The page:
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Hot (broke) Messes: How to Have Your Latte and Drink It Too Paperback – May 20, 2010
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That is not to say that there is no value in this book, because there is. Trejos' background as a financial reporter saved Hot (Broke) Messes for me. There is some wonderfully useful information about monitoring your credit score, managing debt, "good" vs. "bad" debt, how to choose insurance, and more. There is also cutting edge information about the new rules and regulations affecting student loans, credit card debt, and car and home loan options. Trejos offers all of this information in a very understandable way and with input from various financial experts. An extensive appendix also offers tables to help you figure out your net worth and set up your own financial plan and goals.Read more ›
As it turns out, not so much. The authors background is similar to mine in that her parents came to this country to have a better life and lived rather thriftily. The author stopped living her parents cheap lifestyle upon moving away to college and getting her first credit card. As someone who does not own a credit card yet, I can't exactly get myself into the trouble she did.
Most of the tips about how to shop and use various things (cosmetics, clothes, etc.) are tips I already know/ employ. I also already know that with my part-time job I could never afford to eat out a couple of times a week, so budgeting for it would probably put me into debt, not keep me out of it.
The book does have some great tips and advice about a couple of things. It explains 401k's as well as the alternatives for those who are not offered one, along with various other financial tools.
I think this would serve as a great warning to the college students living it up, buying designer brands and lattes everyday when they can't truly afford them. If you, like me managed to avoid that, then you will likely still benefit from the financial advice.
As for figuring out how to afford that latte a day, I think I'll look for another book.
When reading this book it is important to keep in mind the big picture, budgeting, frugality, personal goals, and most importantly don't follow her bad (past) examples. Don't get too caught up in the details of who's who and their back stories.
Her best move was obtaining a financial adviser. For me, this is where a big chunk of the valuable information starts.
In addition, if I were advising someone financially, I WOULD give this to them to read. Why? Because it clearly shows her financial mistakes which anyone should be able to learn from.
Author Nancy Trejos is a personal finance columnist for the Washington Post. Frugality isn't new to her. She grew up middle-class with parents who made $60,000/year combined, with two siblings in one of the most expensive cities in the world. Hot (broke) Messes is mostly about her own life experiences with a few tips mingled in. I personally didn't learn much, with the exception of a beauty tip for skin (Use Johnson & Johnson baby oil gel in the shower for greater skin moisture). It offers standard guidelines:
Determine financial goals.
Keep all receipts.
Ask for freebies.
Find dual uses for items.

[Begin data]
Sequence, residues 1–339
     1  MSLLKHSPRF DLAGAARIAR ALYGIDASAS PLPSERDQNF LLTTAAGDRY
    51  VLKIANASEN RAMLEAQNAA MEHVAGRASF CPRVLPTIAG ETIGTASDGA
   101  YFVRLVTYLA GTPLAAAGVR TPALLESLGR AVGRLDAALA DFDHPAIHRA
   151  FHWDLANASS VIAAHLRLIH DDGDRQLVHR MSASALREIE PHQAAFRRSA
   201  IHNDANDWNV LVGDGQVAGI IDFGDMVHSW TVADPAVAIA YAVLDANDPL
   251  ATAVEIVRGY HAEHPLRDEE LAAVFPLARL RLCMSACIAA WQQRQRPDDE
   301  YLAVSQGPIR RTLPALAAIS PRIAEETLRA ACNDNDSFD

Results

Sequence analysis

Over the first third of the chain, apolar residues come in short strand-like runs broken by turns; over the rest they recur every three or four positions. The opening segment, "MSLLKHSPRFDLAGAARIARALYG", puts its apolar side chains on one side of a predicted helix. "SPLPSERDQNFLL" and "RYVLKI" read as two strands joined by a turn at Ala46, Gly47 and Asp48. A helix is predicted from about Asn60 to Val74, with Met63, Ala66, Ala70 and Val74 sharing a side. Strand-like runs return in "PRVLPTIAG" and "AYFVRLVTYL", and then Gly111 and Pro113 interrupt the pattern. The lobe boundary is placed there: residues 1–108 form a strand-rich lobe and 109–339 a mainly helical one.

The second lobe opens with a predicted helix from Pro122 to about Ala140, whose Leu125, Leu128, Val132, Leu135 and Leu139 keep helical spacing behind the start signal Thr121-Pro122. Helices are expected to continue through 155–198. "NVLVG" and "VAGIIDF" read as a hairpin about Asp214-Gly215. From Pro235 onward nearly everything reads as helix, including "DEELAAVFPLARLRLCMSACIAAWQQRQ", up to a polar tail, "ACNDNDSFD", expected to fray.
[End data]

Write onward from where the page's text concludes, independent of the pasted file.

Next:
Assess your needs.
Shop online for bargains.
Find a personal finance consultant.
If you are unsure how to handle your own personal finances, then this book will offer basic tips to get started. If you already abide by a personal budget, then it's not worth reading unless you need a refresher.
L. Marie of Precision Reviews
Most Recent Customer Reviews
This book is honest and readers can relate to her stories, stresses, wants, needs and mistakes. The advice is also backed by industry professionals with various points of views.Published on April 11, 2014 by Cali_Smile
Here are all Trejo's secrets laid bare - her over spending, her succumbing to peer pressure, and the shame with realising she is part of a generation who have so much, yet feel so... Read morePublished on December 28, 2013 by Rachel Alt
I bought this book for my daughter who does not manage her money very well. Easy read with good tips.Published on April 2, 2013 by Wm
This is one of the best books on the subject of finance as it applies to our everyday life. A lot of good tips, which I will use. It is very well written. Read morePublished on February 25, 2013 by Twilight fan
this book is written in a ridiculous, condescending and unhelpful way. the personality of the author that is revealed through reading this very personal narrative is like an... Read morePublished on April 20, 2011 by schadepp
Just how much does this woman drink??? In listing just a few weeks of her credit card charges, the most frequent expenses involved "drinks" or "a couple of bottles of wine. Read morePublished on April 7, 2011 by Lisa Ahlstedt
This is a great book that is informational on how to be a bit more financial savvy but also has some great funny stories about the author and her past.Published on July 6, 2010 by Marina C. Gaytan
Not anymore. This memoir/financial advice book made me gasp and giggle. I'm past the age group targeted by this book (20 to 30-somethings), but I still enjoyed it cover to cover. Read morePublished on June 29, 2010 by Kay in DC
I enjoyed this book a lot, and I feel that it will help me if not make better decisions so that I dont end up in some of her situations, at least really think about everything... Read morePublished on June 15, 2010 by K. Caffarella